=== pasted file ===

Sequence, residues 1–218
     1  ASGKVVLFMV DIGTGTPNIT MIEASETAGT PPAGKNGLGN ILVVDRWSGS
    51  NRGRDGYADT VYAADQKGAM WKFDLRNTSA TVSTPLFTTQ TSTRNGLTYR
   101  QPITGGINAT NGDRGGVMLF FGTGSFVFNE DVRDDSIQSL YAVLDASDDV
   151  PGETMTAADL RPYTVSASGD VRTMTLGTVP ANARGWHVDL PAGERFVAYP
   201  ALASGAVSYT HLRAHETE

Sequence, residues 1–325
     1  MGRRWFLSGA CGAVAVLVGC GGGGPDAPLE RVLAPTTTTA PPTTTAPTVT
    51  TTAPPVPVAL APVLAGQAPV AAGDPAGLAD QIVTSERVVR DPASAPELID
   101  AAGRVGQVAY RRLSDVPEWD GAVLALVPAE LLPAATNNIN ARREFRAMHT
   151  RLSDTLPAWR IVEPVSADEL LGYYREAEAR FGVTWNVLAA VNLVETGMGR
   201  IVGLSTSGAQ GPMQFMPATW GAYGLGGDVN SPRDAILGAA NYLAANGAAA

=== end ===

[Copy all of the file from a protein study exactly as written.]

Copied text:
Sequence, residues 1–218
     1  ASGKVVLFMV DIGTGTPNIT MIEASETAGT PPAGKNGLGN ILVVDRWSGS
    51  NRGRDGYADT VYAADQKGAM WKFDLRNTSA TVSTPLFTTQ TSTRNGLTYR
   101  QPITGGINAT NGDRGGVMLF FGTGSFVFNE DVRDDSIQSL YAVLDASDDV
   151  PGETMTAADL RPYTVSASGD VRTMTLGTVP ANARGWHVDL PAGERFVAYP
   201  ALASGAVSYT HLRAHETE

Sequence, residues 1–325
     1  MGRRWFLSGA CGAVAVLVGC GGGGPDAPLE RVLAPTTTTA PPTTTAPTVT
    51  TTAPPVPVAL APVLAGQAPV AAGDPAGLAD QIVTSERVVR DPASAPELID
   101  AAGRVGQVAY RRLSDVPEWD GAVLALVPAE LLPAATNNIN ARREFRAMHT
   151  RLSDTLPAWR IVEPVSADEL LGYYREAEAR FGVTWNVLAA VNLVETGMGR
   201  IVGLSTSGAQ GPMQFMPATW GAYGLGGDVN SPRDAILGAA NYLAANGAAA